Dem Senate Candidate Says Praising Scalia’s Death ‘Was An Insensitive Remark’ [AUDIO]

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Ted Goodman Contributor
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Ohio Democratic Senate candidate Ted Strickland thinks Supreme Court Justice Antonin Scalia death was pretty convenient.

Strickland, a former Ohio governor, was giving a speech at an AFL-CIO town hall called “Working For Our Future: Young Worker Townhall” in Cleveland Monday, when he said Scalia’s death “happened at a good time,” to a chorus of laughter and applause.

“My friends, a lot of average citizens out there don’t understand the importance of that court [Supreme Court]. I mean the death of Scalia saved labor from a terrible decision,” Strickland said to the crowd.


“It happened at a good time, because once that decision had been made it would have been tough to reverse it,” Strickland said.

The Strickland campaign dodged repeated questions regarding the comments Wednesday. After multiple emails and calls, a campaign volunteer first told The Daily Caller News Foundation she would attempt to get an answer. When TheDCNF called again, the volunteer stated that “everyone is in a meeting.” When asked if the entire press team was in the meeting, the volunteer responded, “yes, and it’s a longer meeting.”

Strickland released a statement to Talking Points Memo Wednesday saying the comment “was an insensitive remark, and I apologize.”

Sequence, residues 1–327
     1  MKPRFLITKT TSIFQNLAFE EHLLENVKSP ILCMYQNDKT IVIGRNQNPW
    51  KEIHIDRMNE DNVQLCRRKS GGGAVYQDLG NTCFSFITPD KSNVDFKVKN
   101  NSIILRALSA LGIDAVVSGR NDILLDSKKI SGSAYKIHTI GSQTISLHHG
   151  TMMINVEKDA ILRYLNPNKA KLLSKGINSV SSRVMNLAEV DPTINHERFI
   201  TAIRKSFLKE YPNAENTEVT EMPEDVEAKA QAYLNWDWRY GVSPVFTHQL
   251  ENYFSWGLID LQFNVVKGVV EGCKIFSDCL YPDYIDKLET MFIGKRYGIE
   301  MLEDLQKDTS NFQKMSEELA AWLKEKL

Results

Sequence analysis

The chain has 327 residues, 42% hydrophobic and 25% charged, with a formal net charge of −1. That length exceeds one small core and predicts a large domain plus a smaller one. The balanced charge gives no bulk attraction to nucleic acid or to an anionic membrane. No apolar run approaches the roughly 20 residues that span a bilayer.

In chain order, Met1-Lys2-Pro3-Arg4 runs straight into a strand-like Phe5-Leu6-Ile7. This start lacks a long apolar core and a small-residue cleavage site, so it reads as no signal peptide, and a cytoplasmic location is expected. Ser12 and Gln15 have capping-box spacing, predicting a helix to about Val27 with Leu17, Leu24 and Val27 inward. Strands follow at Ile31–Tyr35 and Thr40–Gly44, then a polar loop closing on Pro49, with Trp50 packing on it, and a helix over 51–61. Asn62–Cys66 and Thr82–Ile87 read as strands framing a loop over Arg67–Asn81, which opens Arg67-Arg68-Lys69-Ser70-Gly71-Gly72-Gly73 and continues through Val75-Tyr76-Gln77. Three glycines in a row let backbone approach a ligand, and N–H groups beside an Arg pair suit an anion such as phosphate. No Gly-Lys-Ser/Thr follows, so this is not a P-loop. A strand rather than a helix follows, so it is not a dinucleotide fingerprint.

Strickland’s comments stem from a Supreme Court case that was before Scalia’s death. Ten public school teachers argued before the Supreme Court in January that mandatory union payments violated their constitutional right to free speech. The Supreme Court was likely to vote 5-4 in favor of the teachers, but with Scalia’s death, the Court split 4-4.

Without a majority decision, the Supreme Court defaults to the lower court’s ruling. The lower court upheld mandatory union dues, resulting in a huge victory for organized labor. Had Scalia been alive, a 5-4 ruling that mandatory union dues were unconstitutional would have been a big blow to organized labor, weakening public sector unions by diminishing financial resources.

Strickland is currently in a battle with Republican incumbent Sen. Rob Portman. According to Cleveland.com, the race for Ohio’s Senate seat may be the costliest in state history, with over $43 million spent by the campaigns and outside groups.

Strickland recently lost the support from some of Ohio’s largest labor unions, which have chosen to support the incumbent senator. Portman recently received the endorsements of the United Mine Workers, the Ohio Fraternal Order of Police, the International Union of Operating Engineers local 18, and the Ohio Teamsters.

The Portman campaign did not respond to a request for comment by press time.

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